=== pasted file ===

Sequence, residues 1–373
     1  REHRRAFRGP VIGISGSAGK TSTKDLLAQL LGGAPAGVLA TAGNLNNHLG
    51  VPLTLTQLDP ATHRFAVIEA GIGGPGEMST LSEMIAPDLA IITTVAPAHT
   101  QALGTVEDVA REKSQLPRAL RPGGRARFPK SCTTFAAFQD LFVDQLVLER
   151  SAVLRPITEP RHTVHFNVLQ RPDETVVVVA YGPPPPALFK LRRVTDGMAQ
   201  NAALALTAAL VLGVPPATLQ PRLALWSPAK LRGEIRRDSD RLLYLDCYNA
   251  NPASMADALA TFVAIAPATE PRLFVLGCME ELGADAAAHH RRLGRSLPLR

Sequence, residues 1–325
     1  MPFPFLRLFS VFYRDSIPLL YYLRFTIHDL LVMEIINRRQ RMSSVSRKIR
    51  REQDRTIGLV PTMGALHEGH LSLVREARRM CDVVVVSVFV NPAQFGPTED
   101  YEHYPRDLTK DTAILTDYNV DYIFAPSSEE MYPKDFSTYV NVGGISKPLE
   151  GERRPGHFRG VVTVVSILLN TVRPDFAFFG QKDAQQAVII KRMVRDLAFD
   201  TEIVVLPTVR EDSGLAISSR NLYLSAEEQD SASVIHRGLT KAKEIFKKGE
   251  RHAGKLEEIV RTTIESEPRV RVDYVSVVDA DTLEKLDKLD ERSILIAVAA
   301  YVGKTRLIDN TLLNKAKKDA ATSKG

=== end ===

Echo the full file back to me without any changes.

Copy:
Sequence, residues 1–373
     1  REHRRAFRGP VIGISGSAGK TSTKDLLAQL LGGAPAGVLA TAGNLNNHLG
    51  VPLTLTQLDP ATHRFAVIEA GIGGPGEMST LSEMIAPDLA IITTVAPAHT
   101  QALGTVEDVA REKSQLPRAL RPGGRARFPK SCTTFAAFQD LFVDQLVLER
   151  SAVLRPITEP RHTVHFNVLQ RPDETVVVVA YGPPPPALFK LRRVTDGMAQ
   201  NAALALTAAL VLGVPPATLQ PRLALWSPAK LRGEIRRDSD RLLYLDCYNA
   251  NPASMADALA TFVAIAPATE PRLFVLGCME ELGADAAAHH RRLGRSLPLR

Sequence, residues 1–325
     1  MPFPFLRLFS VFYRDSIPLL YYLRFTIHDL LVMEIINRRQ RMSSVSRKIR
    51  REQDRTIGLV PTMGALHEGH LSLVREARRM CDVVVVSVFV NPAQFGPTED
   101  YEHYPRDLTK DTAILTDYNV DYIFAPSSEE MYPKDFSTYV NVGGISKPLE
   151  GERRPGHFRG VVTVVSILLN TVRPDFAFFG QKDAQQAVII KRMVRDLAFD
   201  TEIVVLPTVR EDSGLAISSR NLYLSAEEQD SASVIHRGLT KAKEIFKKGE
   251  RHAGKLEEIV RTTIESEPRV RVDYVSVVDA DTLEKLDKLD ERSILIAVAA
   301  YVGKTRLIDN TLLNKAKKDA ATSKG